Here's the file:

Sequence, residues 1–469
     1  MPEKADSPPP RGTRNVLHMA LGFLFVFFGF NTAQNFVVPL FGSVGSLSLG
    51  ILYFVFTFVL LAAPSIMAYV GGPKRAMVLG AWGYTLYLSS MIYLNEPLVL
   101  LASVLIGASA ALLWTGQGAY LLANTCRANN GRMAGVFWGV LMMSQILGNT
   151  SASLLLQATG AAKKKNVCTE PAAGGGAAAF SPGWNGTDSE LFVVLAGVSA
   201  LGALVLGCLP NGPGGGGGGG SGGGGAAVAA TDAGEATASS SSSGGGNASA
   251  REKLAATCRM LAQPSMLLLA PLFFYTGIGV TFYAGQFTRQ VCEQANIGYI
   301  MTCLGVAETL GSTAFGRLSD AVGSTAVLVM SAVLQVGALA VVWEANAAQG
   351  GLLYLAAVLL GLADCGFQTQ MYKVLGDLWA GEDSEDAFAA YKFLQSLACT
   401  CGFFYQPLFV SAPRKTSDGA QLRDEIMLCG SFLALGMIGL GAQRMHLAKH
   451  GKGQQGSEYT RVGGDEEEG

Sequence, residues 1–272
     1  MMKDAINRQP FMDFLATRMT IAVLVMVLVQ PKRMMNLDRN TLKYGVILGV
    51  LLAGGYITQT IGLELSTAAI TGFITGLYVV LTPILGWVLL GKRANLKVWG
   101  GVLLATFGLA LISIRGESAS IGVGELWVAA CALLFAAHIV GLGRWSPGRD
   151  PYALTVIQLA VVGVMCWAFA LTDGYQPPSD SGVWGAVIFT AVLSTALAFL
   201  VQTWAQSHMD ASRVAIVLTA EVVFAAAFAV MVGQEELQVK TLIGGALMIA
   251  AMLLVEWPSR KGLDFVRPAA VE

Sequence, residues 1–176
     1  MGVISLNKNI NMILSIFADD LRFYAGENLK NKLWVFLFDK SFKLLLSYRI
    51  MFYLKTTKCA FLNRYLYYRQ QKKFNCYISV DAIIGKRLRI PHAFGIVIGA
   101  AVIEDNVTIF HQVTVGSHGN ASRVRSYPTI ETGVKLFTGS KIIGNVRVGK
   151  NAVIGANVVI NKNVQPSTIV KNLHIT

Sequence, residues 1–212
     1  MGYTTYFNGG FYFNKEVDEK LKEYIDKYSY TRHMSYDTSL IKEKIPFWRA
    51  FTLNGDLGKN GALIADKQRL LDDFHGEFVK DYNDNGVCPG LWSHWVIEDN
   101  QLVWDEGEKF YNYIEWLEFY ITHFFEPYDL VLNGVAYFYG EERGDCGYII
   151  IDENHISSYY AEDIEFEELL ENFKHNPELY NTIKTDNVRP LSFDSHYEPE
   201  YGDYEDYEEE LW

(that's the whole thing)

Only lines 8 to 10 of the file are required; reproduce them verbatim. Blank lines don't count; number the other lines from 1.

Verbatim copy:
   301  MTCLGVAETL GSTAFGRLSD AVGSTAVLVM SAVLQVGALA VVWEANAAQG
   351  GLLYLAAVLL GLADCGFQTQ MYKVLGDLWA GEDSEDAFAA YKFLQSLACT
   401  CGFFYQPLFV SAPRKTSDGA QLRDEIMLCG SFLALGMIGL GAQRMHLAKH